Chemists Are Turning Ordinary Bricks Into Fast-Charging Batteries

These photos and microscope images show the structure of a common fired red brick before and after nanofibrillar coating is added. (Image courtesy of The D’Arcy Laboratory in Washington University in St. Louis)

(CN) — It turns out any old red brick could be a power brick, according to new research from chemists who’ve devised a coating that can turn red bricks into blue batteries.

“We have taken a typical brick you use for constructing houses — we actually went to the hardware store, that’s where we bought them, there’s nothing special about them — we brought them back into the lab, and we started doing chemical synthesis on the bricks,” Julio D’Arcy, assistant professor of chemistry at Washington University in St. Louis, said in an interview. “My lab employees are really interested in using materials like rust, like iron corrosion … as our reactant in chemical synthesis.”

Bricks owe their red pigmentation to iron oxide, better known as rust, and this latent chemical composition was the basis for D’Arcy’s lab’s method.

“We ended up synthesizing, on the bricks, a polymer that conducts electricity and stores energy. The way that we did that was very simple: fill up the bricks with acid,” he said. Those acids infiltrate the pores and convert this iron oxide in the brick into a chemical reactant that’s actually very useful for the synthesis of plastic.”

D’Arcy and his colleagues placed a brick in an oven and pumped acid vapors in, dissolving the iron oxide at a molecular scale.

“The second step is to flow a second gas to the brick, and that second gas is monomer vapor,” the professor said.

The two reactant gases flow consecutively into the oven, and the process is complete.

“Once you open that oven, and the chemical reaction is done, the brick comes out of the oven and it’s no longer red in color, but it’s blue in color. So we know, whenever we see a blue color, that we have made one of our polymers,” D’Arcy said. “The paper demonstrates that it is stable, and it is reproducible, and all you have to do is just a one-step reaction, where you introduce two gases into the brick, you heat up the brick, and you make a polymer.”

That blue polymer, whose nanofibers penetrate the porous interior of the brick, acts as a kind of “ion sponge” that stores and conducts electricity.

A brick supercapacitor powering an LED light. (Image courtesy of The D’Arcy Laboratory in Washington University in St. Louis)

In their study, published Tuesday in Nature Communications, the scientists powered a green LED light from just one brick. And more bricks means more energy storage — the group boasts that just 50 bricks connected to solar cells could power emergency lighting for five hours.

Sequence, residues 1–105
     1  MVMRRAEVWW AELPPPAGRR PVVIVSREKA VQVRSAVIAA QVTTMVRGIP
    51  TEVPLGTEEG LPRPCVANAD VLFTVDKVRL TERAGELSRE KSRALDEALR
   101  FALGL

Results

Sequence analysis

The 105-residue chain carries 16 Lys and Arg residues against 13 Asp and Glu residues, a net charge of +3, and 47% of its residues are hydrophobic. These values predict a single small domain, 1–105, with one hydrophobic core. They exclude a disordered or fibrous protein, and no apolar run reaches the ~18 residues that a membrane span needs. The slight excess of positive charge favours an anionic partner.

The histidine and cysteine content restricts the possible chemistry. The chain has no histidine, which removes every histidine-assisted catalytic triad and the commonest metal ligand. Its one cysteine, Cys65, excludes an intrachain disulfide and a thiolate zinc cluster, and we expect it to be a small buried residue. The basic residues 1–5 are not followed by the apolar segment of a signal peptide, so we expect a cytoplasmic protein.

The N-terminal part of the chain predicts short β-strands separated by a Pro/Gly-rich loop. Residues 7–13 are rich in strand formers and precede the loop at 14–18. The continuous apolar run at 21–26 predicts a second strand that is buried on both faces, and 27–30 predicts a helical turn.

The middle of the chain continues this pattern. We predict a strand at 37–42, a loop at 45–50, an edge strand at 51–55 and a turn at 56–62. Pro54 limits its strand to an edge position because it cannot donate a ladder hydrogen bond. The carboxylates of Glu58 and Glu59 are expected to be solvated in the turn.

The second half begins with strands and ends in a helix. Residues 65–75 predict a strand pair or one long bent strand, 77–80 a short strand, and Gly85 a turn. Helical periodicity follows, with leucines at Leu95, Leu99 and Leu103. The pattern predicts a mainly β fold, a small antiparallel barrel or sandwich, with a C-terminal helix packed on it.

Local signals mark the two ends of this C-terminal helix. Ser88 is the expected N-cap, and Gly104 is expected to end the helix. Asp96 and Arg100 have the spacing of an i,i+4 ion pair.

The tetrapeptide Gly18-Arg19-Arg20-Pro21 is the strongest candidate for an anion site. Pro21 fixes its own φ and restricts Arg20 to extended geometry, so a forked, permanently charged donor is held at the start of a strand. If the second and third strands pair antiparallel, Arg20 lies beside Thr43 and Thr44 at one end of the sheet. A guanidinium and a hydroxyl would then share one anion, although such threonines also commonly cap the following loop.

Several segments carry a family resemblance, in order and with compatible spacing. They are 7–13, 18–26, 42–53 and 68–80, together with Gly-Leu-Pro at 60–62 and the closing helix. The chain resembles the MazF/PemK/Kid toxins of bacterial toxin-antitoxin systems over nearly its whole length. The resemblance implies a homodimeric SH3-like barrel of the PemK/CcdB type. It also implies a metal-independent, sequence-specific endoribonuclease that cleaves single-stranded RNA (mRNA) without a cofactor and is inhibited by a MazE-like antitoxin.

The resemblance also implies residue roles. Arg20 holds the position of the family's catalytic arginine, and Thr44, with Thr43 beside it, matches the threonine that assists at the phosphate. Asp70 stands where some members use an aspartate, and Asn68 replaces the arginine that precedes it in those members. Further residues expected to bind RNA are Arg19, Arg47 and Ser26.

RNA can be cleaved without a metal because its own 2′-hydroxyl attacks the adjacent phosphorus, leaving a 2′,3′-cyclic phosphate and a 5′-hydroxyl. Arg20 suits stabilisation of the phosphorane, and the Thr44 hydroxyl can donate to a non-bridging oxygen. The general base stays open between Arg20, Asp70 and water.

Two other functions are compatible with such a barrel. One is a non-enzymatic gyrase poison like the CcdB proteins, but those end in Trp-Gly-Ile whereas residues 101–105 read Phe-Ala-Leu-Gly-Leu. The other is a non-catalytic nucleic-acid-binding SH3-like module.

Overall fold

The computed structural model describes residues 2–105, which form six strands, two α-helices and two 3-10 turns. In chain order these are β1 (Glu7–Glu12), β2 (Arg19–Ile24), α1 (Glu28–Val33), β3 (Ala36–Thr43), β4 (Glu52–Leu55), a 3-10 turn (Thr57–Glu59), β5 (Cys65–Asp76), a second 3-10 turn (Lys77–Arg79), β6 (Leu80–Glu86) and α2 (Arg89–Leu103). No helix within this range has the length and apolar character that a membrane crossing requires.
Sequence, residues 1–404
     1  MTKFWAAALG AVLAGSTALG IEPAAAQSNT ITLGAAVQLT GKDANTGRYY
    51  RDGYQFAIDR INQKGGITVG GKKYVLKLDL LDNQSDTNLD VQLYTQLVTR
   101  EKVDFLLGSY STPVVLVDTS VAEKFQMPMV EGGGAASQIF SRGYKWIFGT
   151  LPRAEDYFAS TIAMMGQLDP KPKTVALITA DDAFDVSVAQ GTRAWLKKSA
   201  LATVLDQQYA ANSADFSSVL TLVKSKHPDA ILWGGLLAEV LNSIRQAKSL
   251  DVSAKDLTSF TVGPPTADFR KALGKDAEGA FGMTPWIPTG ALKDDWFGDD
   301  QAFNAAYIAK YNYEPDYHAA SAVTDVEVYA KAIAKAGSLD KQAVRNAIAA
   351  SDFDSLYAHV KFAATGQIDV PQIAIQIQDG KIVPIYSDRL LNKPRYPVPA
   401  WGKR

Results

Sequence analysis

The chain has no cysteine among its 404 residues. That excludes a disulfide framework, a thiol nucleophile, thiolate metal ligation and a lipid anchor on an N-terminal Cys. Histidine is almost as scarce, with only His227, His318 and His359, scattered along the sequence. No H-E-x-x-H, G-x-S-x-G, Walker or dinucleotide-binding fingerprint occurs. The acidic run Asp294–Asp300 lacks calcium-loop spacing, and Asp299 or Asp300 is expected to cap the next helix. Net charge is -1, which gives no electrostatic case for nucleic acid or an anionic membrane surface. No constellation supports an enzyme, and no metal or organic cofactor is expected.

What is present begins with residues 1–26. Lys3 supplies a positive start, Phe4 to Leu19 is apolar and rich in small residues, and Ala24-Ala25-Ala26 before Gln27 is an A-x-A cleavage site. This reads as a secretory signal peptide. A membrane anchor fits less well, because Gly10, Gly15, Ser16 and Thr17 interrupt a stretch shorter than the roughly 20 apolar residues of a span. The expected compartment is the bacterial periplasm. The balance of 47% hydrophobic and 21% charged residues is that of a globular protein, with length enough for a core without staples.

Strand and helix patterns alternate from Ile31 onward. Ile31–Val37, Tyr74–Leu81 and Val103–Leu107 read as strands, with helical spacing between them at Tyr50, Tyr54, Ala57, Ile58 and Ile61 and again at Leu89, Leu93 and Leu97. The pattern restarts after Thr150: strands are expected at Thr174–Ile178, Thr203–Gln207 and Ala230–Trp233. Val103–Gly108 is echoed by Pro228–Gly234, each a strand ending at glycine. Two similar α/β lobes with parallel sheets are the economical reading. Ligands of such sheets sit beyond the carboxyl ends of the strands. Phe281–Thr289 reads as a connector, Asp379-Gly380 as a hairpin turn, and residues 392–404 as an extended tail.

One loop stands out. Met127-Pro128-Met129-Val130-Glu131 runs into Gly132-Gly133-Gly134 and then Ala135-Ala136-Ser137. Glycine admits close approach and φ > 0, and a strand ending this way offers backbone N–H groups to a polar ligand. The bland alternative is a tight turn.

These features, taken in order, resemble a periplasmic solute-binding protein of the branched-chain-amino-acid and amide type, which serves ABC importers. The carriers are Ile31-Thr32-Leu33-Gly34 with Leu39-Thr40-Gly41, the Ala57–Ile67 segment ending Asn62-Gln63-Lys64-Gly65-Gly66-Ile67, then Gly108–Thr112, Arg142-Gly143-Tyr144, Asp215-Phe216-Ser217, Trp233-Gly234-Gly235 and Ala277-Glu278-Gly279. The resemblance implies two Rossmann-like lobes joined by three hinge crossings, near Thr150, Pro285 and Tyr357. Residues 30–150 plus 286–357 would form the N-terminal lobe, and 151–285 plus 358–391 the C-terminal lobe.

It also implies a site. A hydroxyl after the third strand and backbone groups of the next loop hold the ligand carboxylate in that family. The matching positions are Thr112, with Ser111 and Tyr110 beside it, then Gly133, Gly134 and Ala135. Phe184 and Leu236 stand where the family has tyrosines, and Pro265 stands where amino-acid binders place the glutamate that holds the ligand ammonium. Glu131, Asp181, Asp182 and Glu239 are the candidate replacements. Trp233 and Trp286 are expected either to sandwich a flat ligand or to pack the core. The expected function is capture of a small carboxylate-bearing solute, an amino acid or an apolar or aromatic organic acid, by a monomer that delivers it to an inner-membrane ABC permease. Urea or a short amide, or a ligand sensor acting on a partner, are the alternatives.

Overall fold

“You can just increase the number of bricks and you can increase the amount of energy that’s stored. However, it’s not a very good strategy,” D’Arcy said. “The more bricks you coat, the more expensive it is. A better alternative is not to scale up, but to make the bricks the best possible energy storage units you can.”

So rather than heading to the hardware store, the researchers are making their own bricks.

“You want to be able to beat AA batteries or AAA batteries, because then you could actually create jobs, you could actually start a company,” D’Arcy said. “What we need to do is to find funding in order for us to develop new bricks. … The bricks that we make are not like the bricks we used for this publication, we’re actually using bricks that have other metals in them, that can increase the amount of energy that could be stored.”

D’Arcy says the bricks can be recharged about 10,000 times, and each recharge can happen in 13 minutes.

“That’s only possible because the polymer that we made allows it,” he said.

Technically speaking, the converted bricks aren’t batteries, but supercapacitors — a conducting material with lower energy density than a battery, but which charges and discharges much more quickly.

And though existing infrastructure could be converted into blue-brick energy storage units, D’Arcy warns that more efficient solutions will require the special-made bricks his lab is working on.

An illustration of a house built using brick supercapacitors demonstrating future applications where devices are readily charged from the wall and the wall is readily recharged from a solar cell panel. (Image courtesy of The D’Arcy Laboratory in Washington University in St. Louis)

“We can grab a wall that’s already assembled, and we can retroactively convert it into one of our energy storage units. But there are problems. One, you have to bring the equipment with you, and that costs you more. Two, whenever we build devices, you always need wires,” he said. “It wouldn’t look as pretty, you would have to dig into the wall, you would have to put the wires there somewhere, you would have to connect them to a solar cell.”

D’Arcy hopes his group’s findings will integrate with smart home technology, architecture and other environmentally mindful developments.

“Bricks are an environmental substrate,” D’Arcy said. “Our technology is a green technology that complements solar cells.”

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